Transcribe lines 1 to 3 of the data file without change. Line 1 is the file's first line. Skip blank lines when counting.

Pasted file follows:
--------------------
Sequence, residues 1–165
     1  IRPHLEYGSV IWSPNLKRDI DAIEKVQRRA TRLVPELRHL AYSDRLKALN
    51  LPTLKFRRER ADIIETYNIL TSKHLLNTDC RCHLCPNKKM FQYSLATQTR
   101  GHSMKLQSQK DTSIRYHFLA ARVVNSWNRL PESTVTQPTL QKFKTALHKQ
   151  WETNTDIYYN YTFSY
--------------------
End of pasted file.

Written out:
Sequence, residues 1–165
     1  IRPHLEYGSV IWSPNLKRDI DAIEKVQRRA TRLVPELRHL AYSDRLKALN
    51  LPTLKFRRER ADIIETYNIL TSKHLLNTDC RCHLCPNKKM FQYSLATQTR